In all, Summit made 5 films beginning in 2008 based on Stephenie Meyer’s series of 4 bestselling vampire romance novels with Melissa Rosenberg penning all the screenplays and Wyck Godfrey & Karen Rosenfelt producing all the films. Catherine Hardwicke directed the first Twilight, followed by Chris Weitz (2009’s New Moon), David Slade (2010’s Eclipse), and Bill Condon (both 2011’s Breaking Dawn Part 1 and 2012’s Part 2). Going into this weekend, the previous 4 films in the Twilight Saga have accounted for $2.5 billion in worldwide box office grosses – which is why Lionsgate purchased Summit. Of course, the lead roles in all the films were played by Kristen Stewart (Bella), Rob Pattinson (Edward), and Taylor Lautner (Jacob). Like the movies or not, there’s no arguing with the fact that this franchise’s phenomenal box office and fan base have been fantastic for the film business.
In 2nd place domestically, Eon Productions/MGM/Sony Pictures’ James Bond #23 actioner Skyfall looks down 53% from its big opening a week ago for a $41.5M second weekend. It took a bigger hit (-60%) on Friday than the studios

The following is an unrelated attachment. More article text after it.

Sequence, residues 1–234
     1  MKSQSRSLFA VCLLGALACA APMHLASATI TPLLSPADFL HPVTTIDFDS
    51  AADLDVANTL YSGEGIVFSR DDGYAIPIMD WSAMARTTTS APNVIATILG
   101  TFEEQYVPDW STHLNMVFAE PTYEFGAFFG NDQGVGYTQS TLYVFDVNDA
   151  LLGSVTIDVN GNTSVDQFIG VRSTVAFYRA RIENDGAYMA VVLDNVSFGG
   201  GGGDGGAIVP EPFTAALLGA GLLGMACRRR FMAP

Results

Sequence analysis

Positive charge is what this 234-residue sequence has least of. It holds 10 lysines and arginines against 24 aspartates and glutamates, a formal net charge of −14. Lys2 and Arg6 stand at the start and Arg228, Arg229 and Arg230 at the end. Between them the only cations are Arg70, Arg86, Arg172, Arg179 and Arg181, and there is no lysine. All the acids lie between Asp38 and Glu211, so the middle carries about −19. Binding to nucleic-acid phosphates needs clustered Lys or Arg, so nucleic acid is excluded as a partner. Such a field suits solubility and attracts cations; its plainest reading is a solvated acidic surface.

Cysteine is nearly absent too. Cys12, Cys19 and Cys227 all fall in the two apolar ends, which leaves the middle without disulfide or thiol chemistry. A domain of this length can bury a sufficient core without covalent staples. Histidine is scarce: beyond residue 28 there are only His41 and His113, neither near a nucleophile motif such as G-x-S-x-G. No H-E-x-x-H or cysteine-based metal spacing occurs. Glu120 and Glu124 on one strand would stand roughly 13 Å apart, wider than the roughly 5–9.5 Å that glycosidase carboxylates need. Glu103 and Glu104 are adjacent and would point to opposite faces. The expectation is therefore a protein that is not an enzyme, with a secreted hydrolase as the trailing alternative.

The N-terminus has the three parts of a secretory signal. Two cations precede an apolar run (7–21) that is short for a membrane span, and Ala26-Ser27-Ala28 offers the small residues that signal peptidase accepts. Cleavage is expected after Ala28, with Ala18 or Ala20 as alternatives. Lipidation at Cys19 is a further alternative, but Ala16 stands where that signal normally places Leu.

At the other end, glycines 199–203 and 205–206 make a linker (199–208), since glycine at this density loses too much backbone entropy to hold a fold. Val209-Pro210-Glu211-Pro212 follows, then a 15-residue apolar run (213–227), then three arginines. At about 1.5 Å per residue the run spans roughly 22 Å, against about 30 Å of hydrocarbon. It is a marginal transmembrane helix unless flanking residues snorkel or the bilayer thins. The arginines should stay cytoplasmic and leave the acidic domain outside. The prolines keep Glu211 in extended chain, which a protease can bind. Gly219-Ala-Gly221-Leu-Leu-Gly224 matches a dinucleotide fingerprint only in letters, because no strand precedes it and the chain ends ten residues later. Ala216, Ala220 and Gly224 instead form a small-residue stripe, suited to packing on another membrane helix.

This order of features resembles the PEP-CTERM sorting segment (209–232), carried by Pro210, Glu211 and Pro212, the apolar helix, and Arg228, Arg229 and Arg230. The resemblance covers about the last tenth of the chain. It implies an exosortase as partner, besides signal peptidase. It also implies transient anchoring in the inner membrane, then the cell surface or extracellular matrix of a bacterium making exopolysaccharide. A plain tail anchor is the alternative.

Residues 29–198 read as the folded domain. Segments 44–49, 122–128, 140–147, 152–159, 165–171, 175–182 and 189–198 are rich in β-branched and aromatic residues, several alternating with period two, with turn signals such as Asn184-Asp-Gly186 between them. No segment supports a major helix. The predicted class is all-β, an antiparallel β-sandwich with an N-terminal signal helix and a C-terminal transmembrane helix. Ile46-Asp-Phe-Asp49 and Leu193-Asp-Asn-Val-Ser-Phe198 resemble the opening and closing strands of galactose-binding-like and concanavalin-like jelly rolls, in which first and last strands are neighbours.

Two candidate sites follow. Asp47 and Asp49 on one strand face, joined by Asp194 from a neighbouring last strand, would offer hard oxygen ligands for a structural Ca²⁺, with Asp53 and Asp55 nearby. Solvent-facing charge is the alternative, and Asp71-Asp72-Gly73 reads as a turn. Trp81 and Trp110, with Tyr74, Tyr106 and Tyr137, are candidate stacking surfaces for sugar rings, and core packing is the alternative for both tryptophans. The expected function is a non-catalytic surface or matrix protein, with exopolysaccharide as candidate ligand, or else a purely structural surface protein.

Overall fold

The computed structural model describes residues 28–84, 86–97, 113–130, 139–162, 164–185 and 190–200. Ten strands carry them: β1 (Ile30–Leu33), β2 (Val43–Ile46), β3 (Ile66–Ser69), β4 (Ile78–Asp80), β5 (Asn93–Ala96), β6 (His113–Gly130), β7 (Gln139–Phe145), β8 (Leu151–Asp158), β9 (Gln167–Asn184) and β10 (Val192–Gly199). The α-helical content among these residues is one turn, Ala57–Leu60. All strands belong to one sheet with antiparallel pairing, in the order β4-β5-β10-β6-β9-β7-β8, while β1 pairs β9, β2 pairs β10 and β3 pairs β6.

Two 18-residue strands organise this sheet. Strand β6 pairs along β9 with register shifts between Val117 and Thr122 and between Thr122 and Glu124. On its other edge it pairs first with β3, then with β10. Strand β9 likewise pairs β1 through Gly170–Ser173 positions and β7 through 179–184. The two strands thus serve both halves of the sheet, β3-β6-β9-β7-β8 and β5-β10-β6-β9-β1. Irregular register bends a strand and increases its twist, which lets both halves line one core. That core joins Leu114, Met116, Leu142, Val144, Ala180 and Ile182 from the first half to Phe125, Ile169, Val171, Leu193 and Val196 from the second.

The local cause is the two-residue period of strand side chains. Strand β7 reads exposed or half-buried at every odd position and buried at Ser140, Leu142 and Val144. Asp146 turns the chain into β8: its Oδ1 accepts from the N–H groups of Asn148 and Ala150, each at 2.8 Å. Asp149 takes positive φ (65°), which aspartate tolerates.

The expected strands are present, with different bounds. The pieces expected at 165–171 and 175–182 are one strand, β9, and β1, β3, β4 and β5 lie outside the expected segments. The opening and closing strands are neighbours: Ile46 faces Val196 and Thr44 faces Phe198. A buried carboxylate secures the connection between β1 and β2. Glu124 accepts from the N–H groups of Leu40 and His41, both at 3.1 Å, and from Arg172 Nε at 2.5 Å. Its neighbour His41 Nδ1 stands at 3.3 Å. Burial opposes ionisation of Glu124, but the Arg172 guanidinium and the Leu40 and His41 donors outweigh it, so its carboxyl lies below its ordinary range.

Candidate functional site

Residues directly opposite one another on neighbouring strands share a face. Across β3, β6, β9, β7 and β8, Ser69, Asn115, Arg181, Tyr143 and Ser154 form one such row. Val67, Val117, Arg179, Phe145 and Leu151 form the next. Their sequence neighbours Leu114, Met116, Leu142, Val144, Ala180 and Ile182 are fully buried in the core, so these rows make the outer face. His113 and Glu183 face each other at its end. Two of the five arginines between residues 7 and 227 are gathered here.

anticipated but bounced back Saturday to bring its North American cume to about $161.3M in just its first 10 days of release. Sony Pictures today announced its biggest movie year ever at the global box office, passing $4 billion for the first time in the studio’s history thanks in large part to Skyfall‘s worldwide cume of $669.2M. That’s bigger than the $599.2M worldwide total taken in by Casino Royale in 2006. This weekendm, Skyfall made $49.6M abroad for an overseas cume of $507.9M. All in worldwide, MGM/Sony expect the Sam Mendes-directed, John Logan-scripted, Daniel Craig-starring pic to make $800M as the biggest 007 movie ever (not adjusted for inflation or higher ticket prices or IMAX premiums). Skyfall enjoyed an amazing hold on IMAX: $6M for the weekend, which is a -45% drop, and IMAX global cume to day of $39M. Studio execs felt that the reason for Skyfall‘s success (preventing the Bond franchise from jumping the shark after the dreadfall Quantum Of Solace) was because the characters were richer, deeper, and more flawed. Plus, the addition of Javier Bardem – who received a star on the Hollywood Walk Of Fame timed to the film – made Skyfall less white bread so it was a better reflection of today’s world. After 4 years on hiatus, the studios had to win back hardcore 007 fans while expanding the franchise’s appeal to younger moviegoers through MTV, Comedy Central, and ABC Family and ethnic audiences through BET, Telemundo and Univision. The marketing campaign started early with big events, like the high profile Bond integration during the opening ceremonies of the London Olympics featuring Daniel Craig and the Queen. Most of all, the studios promoted Skyfall through the fact that 2012 marks the 50th anniversary of 007 on film – including a TV blitz of ads that aired in early October on the anniversary of the premiere of Dr. No. Global James Bond Day was marked with the launch of Adele’s Skyfall theme song, which execs felt was a major draw – “massive and moody and sexy and perfect”. There also was a Bond-themed charity auction at Christie’s in London, a retrospective of all 22 previous Bond movies at The Museum of Modern Art in New York, a Music Of Bond night at the Academy Of Motion Picture Arts & Sciences in Los Angeles, a 50 Years Of Bond Style exhibit at the Toronto International Film Festival, and the premiere of the documentary Everything or Nothing: The Untold Story Of 007. On TV, Daniel Craig hosted SNL while the film was promoted on 60 Minutes. Overseas, the cast toured Moscow, London, Paris, Zurich, Madrid, Berlin, Rome, Stockholm, Amsterdam, Istanbul, Sydney, and Johannesburg, which produced big grosses overseas.